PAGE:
Validity is the most important consideration when evaluating the technical quality of a test. The term
refers to the extent to which there is evidence to support specific interpretations of test scores for
specific uses or purposes. For example, a test claiming to measure student ability to conduct arithmetic
operations with fractions may produce consistent scores but would not be considered valid if it tested
only addition and subtraction of fractions but not multiplication and division. While this example
is clear-cut, others are not. For instance, how would one show definitively that all topics relevant to
understanding algebra have been covered on a given test? Or that performance on the test is not unduly
influenced by mastery of content other than algebra (e.g., reading ability)? For some purposes, one might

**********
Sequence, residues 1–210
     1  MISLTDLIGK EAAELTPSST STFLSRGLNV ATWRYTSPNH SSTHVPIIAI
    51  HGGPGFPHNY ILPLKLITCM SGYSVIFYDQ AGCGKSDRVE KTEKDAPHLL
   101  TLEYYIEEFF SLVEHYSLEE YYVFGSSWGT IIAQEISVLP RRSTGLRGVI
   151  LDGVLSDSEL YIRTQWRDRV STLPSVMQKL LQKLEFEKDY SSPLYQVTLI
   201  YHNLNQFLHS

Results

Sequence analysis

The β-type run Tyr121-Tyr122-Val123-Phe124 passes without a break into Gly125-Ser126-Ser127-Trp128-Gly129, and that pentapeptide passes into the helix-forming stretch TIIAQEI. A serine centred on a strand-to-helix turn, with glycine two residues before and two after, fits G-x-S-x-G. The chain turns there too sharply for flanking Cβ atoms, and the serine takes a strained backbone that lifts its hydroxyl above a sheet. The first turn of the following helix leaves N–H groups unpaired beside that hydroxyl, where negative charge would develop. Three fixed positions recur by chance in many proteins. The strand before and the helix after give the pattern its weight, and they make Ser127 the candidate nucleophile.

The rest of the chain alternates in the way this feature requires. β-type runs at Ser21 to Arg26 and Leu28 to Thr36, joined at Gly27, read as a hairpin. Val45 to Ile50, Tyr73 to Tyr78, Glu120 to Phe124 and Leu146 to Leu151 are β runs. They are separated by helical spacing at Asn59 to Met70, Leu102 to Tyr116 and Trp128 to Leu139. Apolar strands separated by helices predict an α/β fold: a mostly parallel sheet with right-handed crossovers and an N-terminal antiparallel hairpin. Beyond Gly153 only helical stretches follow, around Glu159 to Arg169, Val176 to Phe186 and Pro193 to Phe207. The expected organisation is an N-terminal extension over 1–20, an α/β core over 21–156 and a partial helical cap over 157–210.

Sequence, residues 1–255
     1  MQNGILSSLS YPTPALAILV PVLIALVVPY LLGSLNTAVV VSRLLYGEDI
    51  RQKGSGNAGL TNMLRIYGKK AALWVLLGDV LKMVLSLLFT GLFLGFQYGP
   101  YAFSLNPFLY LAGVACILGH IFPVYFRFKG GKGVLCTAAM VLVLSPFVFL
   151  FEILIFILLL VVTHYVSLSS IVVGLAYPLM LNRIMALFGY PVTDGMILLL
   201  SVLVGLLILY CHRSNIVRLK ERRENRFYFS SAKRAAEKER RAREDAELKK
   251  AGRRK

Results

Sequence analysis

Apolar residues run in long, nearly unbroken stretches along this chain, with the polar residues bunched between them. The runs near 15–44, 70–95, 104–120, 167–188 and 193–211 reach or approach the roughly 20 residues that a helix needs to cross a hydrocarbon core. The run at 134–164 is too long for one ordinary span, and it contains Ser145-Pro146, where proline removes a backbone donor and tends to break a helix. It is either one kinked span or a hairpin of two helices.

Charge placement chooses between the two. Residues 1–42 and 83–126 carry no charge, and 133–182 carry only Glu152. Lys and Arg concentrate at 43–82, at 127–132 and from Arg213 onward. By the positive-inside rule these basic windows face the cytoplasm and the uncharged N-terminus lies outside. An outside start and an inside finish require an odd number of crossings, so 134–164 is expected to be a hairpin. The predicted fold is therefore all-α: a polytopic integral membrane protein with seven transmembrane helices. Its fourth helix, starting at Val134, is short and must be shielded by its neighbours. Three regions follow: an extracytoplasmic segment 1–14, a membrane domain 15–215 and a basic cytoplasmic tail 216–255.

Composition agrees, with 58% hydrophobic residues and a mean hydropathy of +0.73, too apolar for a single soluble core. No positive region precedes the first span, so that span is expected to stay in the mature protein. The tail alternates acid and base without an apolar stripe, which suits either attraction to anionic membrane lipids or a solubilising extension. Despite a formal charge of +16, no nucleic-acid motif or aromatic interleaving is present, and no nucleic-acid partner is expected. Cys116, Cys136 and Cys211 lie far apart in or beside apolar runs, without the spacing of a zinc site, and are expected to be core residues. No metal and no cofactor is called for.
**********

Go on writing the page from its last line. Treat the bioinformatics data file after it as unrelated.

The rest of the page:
consider reading ability to be a legitimate focus of measurement for an algebra assessment, whereas
for other purposes, reading ability might be considered irrelevant. Because such issues are often murky,
validity is never proven: the best we can hope for is a convincing validity argument accompanied by
evidence that supports that argument (American Educational Research Association et al. 1999; Kane
2001; Kane 2006; Kane 2013).
A convincing validity argument generally involves synthesizing evidence from a variety of sources.
Examples of the types of evidence that can support a validity argument include evidence based on test
content (e.g., expert evaluations of the extent to which test items are representative of the domain that
the test is designed to measure), evidence based on response processes (e.g., interviews with examinees
as they “think aloud” while taking the test in order to determine whether the test elicits the intended
responses), and evidence based on relationships with other measures or other information about
examinees collected either at the same time or in the future (e.g., the extent to which scores on a reading
test correlate with scores on a different reading test, or the extent to which they predict later performance